Dutch city cel­e­brates as stolen mas­ter­pieces re­turn home

China Daily (USA) - - LIFE - By AGENCE FRANCEPRESSE in Hoorn, Nether­lands

The Dutch city of Hoorn erupted with joy on Fri­day as itwel­comed­back five mas­ter­pieces re­cov­ered from a crim­i­nal gang in Ukraine after be­ing snatched from the town’s mu­seum in 2005.

“After 4,320 days ... yes we counted the days ... they are back!” an emo­tional mu­seum direc­tor Ad Geerdink told hun­dreds of ci­ti­zens who gath­ered at the West­fries Mu­seum as the 17th- and 18th-cen­tury paint­ings were un­loaded from a truck.

“Our her­itage has re­turned to the mu­seum where they be­long, back in the city where they be­long,” Geerdink said as the­crowd­cheeredand­clapped.

The five paint­ings were among24 Dutch “golden age” mas­ter­pieces and 70 pieces of sil­ver­ware stolen from the mu­seum in the north­west city on Jan 9, 2005.

At the time of their dis­ap­pear­ance, the 24 paint­ings were val­ued at a to­tal of 10 mil­lion euros ($11 mil­lion).

One of the re­cov­ered works, Isaak Ouwa­ter’s 1784 piece en­ti­tled Nieuw­straat in Hoorn, val­ued at around 30,000 euros ($33,400), was handed back by an un­sus­pect­ing Ukrainian art buyer in May. But de­tails over how the paint­ing came into his pos­ses­sion re­main vague.

The four other re­trieved paint­ings, which were also found in Ukraine, are: APeas­ant Wed­ding by Hen­drick Boogaert, Kitchen Scene by Floris van Schooten, Re­turn of Jephta and Lady World by Ja­cobWaben.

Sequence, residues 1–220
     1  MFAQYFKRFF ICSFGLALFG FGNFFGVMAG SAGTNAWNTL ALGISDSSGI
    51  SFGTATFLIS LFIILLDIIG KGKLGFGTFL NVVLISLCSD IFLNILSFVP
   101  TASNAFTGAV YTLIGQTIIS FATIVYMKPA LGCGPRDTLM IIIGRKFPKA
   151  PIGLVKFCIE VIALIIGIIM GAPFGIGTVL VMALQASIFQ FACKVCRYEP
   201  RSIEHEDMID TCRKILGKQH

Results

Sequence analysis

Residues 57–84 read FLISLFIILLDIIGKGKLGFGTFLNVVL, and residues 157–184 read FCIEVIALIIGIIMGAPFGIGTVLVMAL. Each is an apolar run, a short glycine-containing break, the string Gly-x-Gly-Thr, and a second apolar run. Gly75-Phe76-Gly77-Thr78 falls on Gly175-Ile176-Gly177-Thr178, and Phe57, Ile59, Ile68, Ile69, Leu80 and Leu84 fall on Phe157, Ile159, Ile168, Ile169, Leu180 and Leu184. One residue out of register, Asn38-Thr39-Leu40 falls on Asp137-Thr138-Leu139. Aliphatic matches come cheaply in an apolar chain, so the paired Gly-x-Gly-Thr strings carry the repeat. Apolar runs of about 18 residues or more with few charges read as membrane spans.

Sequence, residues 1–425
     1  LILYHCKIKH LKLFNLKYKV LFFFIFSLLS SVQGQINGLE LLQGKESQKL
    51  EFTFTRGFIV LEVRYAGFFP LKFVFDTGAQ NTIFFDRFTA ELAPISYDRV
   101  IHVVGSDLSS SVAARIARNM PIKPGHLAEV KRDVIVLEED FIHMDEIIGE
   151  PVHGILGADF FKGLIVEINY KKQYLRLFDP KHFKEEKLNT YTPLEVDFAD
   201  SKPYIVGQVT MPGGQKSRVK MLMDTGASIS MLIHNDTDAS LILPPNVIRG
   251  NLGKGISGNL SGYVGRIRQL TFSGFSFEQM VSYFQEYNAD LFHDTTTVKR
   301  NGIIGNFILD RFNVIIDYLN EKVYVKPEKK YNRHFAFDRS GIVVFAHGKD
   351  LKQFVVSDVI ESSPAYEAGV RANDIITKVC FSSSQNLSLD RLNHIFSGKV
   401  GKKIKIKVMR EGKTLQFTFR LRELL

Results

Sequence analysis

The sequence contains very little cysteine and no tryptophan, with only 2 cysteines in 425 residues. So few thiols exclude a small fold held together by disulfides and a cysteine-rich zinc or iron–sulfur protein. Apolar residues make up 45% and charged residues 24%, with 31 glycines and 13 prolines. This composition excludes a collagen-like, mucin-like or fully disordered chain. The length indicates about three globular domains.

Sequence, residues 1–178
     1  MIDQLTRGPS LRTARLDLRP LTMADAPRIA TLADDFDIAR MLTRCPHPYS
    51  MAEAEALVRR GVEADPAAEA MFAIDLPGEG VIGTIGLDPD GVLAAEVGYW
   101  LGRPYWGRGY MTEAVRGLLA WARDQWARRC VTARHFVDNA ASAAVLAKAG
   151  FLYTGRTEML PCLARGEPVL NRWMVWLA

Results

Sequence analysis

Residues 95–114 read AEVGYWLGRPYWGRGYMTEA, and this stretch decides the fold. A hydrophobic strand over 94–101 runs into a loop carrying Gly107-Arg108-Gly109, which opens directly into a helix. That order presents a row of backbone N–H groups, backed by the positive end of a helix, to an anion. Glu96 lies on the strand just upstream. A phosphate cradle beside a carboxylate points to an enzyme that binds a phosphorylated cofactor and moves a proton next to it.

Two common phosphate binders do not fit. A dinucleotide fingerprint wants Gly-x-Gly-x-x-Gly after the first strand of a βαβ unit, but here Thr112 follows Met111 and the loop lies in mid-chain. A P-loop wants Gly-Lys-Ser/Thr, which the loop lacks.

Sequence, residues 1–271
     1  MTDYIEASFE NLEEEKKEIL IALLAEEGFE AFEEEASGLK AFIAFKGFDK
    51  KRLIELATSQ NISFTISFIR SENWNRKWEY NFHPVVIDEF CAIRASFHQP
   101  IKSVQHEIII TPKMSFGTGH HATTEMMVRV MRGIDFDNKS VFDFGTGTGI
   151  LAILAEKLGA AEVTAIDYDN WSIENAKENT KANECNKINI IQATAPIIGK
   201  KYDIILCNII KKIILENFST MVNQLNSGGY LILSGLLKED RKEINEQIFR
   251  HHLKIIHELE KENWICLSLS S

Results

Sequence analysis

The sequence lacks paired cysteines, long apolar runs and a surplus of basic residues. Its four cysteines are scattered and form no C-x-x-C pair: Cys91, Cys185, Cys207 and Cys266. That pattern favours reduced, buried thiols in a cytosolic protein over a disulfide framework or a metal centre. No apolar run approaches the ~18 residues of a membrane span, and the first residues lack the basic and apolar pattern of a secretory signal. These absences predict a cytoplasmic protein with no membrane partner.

The mu­seum has now launched a crowd­fund­ing cam­paign to re­store the five works, as spokes­woman Christa van Hees says they “have suf­fered a lot” in the past decade and “are in a ter­ri­ble con­di­tion”.

After the works were snatched there was an in­ten­sive po­lice in­ves­ti­ga­tion, but it was not un­til mid-2015 that the mu­se­um­re­ceived­wordthatthe paint­ings­maybe in­Ukraine.

Two men claim­ing to rep­re­sent a pro-Kiev group say they had found the art in a villa in east­ern Ukraine.

Art his­to­rian Arthur Brand, who played a ma­jor role in the paint­ings’ re­turn, says the men ini­tially priced the works at 50 mil­lion euros and then wanted 5 mil­lion euros for them.

“We were only pre­pared to give then 50,000 euros, which is a find­ers’ fee,” Brand says. So the ne­go­ti­a­tions col­lapsed.

De­tails re­main un­clear about the next move, but after in­tense be­hind-the-scenes work Ukraine an­nounced in April it had re­cov­ered four of the paint­ings.

How­ever, it did not give de­tails of ex­actly how the works were re­trieved, say­ing only they were “in the pos­ses­sion of crim­i­nal groups”.


West­fries Mu­seum direc­tor Ad Geerd­ing (left) and art his­to­rian Arthur Brand (right) cel­e­brate after five paint­ings, stolen from the mu­seum, are re­turned from Ukraine on Oct 7.

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